History and philosophy of geography II: the excluded, the evil, and the anarchic. / Keighren, Innes M.

In: Progress in Human Geography, 13.09.2017.

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Abstract

Prompted by recent scholarship on geographers’ role in advancing the divergent
political ends of anarchism and Nazism, this report considers how disciplinary histories make space for the admirable as well as the abominable episodes of our shared past. In addressing some of the ideological ends to which geography has been put, the paper reflects on the historiographical challenge of dealing appropriately with the discipline’s stain of Nazi collusion and explore the potential that geography’s anarchist traditions have to inspire activist and critical scholarship today. In thinking more generally about practices of exclusion and marginalisation in geography, the report argues for the value, and the necessity, of diversity and inclusivity in writing on the history of the discipline.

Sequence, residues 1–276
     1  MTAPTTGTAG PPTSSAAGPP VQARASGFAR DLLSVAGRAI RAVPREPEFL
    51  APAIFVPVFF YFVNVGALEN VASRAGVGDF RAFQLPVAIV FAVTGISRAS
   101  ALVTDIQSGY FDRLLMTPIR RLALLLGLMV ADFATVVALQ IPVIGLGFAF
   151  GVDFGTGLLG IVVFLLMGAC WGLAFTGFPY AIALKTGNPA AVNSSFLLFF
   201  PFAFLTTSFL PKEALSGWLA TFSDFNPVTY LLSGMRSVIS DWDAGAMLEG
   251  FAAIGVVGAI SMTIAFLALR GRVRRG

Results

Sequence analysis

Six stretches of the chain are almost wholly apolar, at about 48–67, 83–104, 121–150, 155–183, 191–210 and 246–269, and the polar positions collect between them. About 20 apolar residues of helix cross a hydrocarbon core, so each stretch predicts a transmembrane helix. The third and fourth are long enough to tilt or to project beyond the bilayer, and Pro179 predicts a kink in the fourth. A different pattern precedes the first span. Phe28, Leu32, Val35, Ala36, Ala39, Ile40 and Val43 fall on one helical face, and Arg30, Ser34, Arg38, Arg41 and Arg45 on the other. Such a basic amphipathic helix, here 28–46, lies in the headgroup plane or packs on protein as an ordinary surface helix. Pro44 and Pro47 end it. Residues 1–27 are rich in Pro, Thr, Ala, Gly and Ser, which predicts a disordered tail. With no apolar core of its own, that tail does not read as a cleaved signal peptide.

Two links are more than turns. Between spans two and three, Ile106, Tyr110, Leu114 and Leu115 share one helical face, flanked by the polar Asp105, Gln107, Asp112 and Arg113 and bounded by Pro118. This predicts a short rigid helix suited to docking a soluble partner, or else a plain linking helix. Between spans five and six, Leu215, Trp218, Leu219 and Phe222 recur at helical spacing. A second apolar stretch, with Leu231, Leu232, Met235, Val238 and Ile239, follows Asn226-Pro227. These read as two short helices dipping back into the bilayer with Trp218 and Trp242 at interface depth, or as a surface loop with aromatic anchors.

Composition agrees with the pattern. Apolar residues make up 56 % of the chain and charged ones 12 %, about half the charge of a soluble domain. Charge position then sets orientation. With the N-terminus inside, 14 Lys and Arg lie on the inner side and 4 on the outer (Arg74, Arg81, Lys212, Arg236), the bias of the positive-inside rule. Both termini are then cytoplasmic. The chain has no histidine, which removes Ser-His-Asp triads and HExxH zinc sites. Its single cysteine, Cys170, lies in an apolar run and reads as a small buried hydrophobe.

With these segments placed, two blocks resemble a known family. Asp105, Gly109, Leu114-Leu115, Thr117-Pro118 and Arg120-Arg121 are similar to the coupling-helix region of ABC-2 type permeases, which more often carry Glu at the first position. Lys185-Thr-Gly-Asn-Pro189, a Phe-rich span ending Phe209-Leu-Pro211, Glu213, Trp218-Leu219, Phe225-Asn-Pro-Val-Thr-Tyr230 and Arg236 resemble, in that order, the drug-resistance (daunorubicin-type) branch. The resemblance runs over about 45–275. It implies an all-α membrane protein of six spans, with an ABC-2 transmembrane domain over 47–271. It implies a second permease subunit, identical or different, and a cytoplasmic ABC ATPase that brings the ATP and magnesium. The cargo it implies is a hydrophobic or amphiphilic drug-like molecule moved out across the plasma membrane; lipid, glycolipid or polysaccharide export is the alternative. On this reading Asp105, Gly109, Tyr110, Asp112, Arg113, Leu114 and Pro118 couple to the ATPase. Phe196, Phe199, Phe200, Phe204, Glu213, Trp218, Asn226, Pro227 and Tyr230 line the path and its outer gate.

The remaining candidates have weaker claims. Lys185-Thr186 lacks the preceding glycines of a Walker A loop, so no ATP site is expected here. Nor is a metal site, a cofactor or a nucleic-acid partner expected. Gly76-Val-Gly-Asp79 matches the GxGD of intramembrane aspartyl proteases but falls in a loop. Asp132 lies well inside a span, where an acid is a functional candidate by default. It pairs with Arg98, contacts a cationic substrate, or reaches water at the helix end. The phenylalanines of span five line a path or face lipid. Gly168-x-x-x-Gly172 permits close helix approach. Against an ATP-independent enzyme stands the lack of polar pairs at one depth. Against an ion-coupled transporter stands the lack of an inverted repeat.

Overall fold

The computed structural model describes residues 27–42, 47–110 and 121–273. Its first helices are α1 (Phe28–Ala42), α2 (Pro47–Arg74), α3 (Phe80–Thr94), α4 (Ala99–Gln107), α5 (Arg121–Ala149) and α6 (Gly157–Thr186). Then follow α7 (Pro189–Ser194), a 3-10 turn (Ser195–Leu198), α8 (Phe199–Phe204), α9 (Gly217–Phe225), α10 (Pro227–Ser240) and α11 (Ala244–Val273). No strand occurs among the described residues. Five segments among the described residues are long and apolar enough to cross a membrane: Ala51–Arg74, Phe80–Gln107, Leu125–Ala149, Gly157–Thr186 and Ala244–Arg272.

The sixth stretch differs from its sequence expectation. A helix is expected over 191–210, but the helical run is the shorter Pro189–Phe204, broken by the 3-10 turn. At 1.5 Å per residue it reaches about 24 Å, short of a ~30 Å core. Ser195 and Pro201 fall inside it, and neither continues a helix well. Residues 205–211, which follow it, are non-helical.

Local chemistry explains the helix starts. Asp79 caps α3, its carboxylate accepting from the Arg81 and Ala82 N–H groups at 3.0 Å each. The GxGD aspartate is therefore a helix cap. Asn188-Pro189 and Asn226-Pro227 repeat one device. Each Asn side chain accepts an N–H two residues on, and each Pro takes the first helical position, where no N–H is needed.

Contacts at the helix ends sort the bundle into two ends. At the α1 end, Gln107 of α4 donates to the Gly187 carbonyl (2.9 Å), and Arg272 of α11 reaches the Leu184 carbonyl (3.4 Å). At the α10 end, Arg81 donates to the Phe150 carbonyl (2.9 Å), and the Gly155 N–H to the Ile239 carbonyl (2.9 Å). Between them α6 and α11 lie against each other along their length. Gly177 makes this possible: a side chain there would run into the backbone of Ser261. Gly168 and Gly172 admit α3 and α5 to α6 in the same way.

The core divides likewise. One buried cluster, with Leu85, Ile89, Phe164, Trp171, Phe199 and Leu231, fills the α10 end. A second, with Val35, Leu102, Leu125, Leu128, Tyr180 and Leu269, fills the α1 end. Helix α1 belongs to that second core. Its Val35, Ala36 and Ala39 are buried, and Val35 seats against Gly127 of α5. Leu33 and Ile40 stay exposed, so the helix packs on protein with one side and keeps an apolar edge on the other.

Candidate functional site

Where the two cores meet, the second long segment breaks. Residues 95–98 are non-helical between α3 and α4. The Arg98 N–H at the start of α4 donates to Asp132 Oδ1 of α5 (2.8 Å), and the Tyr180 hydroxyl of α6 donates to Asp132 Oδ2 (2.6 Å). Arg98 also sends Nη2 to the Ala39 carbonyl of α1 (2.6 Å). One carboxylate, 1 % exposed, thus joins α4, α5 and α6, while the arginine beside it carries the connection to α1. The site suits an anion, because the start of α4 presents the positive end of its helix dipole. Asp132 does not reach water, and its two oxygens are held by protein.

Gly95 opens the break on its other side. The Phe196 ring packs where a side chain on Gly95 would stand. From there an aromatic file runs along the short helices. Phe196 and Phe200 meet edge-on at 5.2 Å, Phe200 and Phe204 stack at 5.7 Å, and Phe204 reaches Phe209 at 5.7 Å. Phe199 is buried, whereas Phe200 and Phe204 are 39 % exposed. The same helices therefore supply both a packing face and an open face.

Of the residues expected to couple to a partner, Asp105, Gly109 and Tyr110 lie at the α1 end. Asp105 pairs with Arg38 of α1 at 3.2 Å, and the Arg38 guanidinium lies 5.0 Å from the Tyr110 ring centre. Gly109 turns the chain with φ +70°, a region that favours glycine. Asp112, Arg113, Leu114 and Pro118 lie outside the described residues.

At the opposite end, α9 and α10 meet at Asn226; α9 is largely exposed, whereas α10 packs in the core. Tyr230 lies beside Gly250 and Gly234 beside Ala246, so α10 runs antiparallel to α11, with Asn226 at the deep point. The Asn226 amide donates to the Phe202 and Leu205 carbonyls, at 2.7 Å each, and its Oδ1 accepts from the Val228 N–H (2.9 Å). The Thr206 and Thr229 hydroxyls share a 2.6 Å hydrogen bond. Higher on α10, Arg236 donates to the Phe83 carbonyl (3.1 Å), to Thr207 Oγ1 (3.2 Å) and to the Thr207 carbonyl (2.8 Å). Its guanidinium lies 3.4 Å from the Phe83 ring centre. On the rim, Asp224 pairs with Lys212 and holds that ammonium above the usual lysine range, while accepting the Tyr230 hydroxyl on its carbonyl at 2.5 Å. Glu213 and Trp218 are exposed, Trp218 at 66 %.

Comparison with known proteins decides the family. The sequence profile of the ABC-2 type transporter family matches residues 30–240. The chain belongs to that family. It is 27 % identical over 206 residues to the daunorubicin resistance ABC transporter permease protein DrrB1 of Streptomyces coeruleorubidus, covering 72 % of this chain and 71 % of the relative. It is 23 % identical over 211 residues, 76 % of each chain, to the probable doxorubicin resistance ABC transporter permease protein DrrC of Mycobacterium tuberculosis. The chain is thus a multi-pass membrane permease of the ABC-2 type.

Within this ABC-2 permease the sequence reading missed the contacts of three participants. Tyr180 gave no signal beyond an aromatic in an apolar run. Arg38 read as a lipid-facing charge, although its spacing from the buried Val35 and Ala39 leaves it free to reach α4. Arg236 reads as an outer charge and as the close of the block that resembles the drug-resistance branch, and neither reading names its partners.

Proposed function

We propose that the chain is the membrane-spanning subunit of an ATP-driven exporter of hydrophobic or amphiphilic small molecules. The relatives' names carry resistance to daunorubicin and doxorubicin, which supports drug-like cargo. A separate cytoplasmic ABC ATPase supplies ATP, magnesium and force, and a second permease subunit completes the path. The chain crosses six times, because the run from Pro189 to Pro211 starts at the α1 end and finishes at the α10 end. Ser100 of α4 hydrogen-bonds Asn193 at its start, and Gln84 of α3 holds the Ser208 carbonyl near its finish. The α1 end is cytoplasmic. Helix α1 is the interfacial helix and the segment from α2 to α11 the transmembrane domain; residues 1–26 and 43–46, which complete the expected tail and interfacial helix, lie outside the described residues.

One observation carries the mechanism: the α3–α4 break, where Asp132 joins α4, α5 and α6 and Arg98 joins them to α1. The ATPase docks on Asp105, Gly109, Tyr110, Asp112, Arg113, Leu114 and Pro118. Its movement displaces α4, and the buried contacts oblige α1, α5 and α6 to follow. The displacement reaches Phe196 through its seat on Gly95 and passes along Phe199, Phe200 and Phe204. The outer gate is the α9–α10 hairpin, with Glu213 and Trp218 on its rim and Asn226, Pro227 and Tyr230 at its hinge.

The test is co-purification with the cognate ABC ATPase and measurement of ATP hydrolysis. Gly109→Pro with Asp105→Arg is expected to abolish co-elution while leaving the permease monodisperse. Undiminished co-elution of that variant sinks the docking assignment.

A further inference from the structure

Original languageEnglish
JournalProgress in Human Geography
Early online date13 Sep 2017
DOIs
StateE-pub ahead of print - 13 Sep 2017
This open access research output is licenced under a Creative Commons Attribution-NonCommercial-NoDerivs 3.0 Unported License.

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